(redirected from largish)
Also found in: Dictionary, Thesaurus, Encyclopedia.

LARGE. Broad; extensive; unconfined. The opposite of strict, narrow, or confined. At large, at liberty.

A Law Dictionary, Adapted to the Constitution and Laws of the United States. By John Bouvier. Published 1856.
References in periodicals archive ?
Sealey's paper, however, seems too small here--confined to the eisangelia process and venturing out only once to quote a largish, hostile judgment on the contrasting American institution of impeachment (320).
Other Yamaha hall-simulation modes that did not employ the center channel were less successful, because the largish piano tended to bloat to overkill proportions.
For medium-size construction companies like Sakamoto, which juggle several largish projects every year, delays could mean a very volatile balance sheet.
The first page of each chapter, in a largish font, introduces the chapter.
As she tried to gain a foothold on my ears, a largish rat scurried across our path and disappeared into a dark hole.
On the back of the vest, nestled between two water bottle pockets, is a large pouch that would be perfect for a mess kit or other largish survival item.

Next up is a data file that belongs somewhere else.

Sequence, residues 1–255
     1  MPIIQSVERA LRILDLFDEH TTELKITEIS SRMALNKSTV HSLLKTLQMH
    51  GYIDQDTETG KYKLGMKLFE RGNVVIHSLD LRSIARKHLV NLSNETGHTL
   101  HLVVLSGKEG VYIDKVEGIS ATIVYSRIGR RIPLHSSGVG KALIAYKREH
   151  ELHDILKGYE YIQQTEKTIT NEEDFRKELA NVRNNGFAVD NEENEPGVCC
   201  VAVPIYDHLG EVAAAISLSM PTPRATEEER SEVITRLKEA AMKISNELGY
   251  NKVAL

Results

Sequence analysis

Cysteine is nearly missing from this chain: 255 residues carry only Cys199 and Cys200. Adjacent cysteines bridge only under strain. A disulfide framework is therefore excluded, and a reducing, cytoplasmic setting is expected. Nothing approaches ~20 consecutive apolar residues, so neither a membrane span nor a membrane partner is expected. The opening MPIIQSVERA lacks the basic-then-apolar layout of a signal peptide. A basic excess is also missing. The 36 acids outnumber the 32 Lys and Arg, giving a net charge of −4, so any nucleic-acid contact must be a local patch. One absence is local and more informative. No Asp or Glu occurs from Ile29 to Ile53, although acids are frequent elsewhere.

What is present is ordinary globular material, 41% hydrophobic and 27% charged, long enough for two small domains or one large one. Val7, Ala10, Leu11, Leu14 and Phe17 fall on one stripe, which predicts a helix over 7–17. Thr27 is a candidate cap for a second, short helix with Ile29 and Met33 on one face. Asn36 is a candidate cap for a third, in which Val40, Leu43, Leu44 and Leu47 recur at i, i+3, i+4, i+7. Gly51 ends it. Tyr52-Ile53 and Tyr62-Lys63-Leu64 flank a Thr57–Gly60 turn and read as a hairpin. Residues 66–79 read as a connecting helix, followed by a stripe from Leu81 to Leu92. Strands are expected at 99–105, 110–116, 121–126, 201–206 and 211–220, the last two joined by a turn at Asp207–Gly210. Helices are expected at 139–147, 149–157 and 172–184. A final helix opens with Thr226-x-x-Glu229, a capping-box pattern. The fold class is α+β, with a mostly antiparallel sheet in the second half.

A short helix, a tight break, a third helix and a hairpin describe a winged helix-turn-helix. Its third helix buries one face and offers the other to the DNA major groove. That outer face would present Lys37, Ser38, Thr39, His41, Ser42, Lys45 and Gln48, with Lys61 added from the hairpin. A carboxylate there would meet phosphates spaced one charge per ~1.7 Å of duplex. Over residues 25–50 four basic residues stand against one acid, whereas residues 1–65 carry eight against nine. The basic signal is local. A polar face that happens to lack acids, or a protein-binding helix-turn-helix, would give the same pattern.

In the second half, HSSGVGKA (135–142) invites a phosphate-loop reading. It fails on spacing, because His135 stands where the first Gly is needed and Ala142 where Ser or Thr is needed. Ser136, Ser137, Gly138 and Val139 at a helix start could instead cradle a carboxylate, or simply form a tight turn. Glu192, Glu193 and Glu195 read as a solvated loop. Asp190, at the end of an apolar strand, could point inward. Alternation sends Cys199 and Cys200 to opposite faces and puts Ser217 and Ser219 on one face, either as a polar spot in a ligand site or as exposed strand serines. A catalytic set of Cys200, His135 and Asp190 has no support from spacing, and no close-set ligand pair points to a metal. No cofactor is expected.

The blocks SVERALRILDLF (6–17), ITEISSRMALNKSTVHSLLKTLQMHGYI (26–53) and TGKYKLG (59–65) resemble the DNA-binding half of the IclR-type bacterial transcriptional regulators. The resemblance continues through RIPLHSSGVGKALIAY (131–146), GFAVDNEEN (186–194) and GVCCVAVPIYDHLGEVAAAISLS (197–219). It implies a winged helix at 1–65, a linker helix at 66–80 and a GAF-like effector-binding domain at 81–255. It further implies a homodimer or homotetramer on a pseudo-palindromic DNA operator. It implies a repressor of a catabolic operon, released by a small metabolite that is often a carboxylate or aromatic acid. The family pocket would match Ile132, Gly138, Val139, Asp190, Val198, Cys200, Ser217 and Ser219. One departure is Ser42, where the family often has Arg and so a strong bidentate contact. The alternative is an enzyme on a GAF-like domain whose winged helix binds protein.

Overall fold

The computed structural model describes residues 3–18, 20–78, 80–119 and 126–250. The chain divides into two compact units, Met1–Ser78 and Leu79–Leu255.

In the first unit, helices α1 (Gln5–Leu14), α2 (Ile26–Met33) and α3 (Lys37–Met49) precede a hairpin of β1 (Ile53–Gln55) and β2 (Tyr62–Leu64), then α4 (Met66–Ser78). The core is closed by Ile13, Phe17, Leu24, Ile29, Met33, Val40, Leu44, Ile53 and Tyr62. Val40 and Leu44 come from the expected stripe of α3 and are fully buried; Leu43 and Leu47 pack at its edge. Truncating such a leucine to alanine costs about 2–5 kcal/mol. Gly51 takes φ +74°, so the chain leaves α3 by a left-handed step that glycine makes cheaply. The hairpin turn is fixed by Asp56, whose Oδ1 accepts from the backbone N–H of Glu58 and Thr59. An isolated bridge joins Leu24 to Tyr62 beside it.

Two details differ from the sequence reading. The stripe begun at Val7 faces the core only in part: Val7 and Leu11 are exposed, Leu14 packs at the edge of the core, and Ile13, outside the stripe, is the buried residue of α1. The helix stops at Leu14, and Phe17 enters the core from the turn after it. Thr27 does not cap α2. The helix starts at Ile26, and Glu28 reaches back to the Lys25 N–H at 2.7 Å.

Disagreement within the Hoiles family may not have reached the level attributed to a family owning a largish Midwestern daily back in the 1970s, where it was said (no doubt apocryphally) that at the annual family picnic each branch brought its own taster.
"These were 'largish' vessels, with an average diameter between 2.99 and 3.03 mm.
Most had single-vessel disease; the stented lesion usually was in the left anterior descending artery "These were 'largish' vessels, with an average diameter between 2.99 and 3.03 mm.
In New York, "Dance" played the Broadhurst, a largish venue that, Mathias acknowledges, couldn't help but prompt some broadness in the playing.
And there were largish, lighthearted romps like Little Mary Sunshine and Dames at Sea playing off-Broadway.
The young inventor first got the idea for his push button chair when he saw "a largish lady presenter" having trouble getting on and off her chair.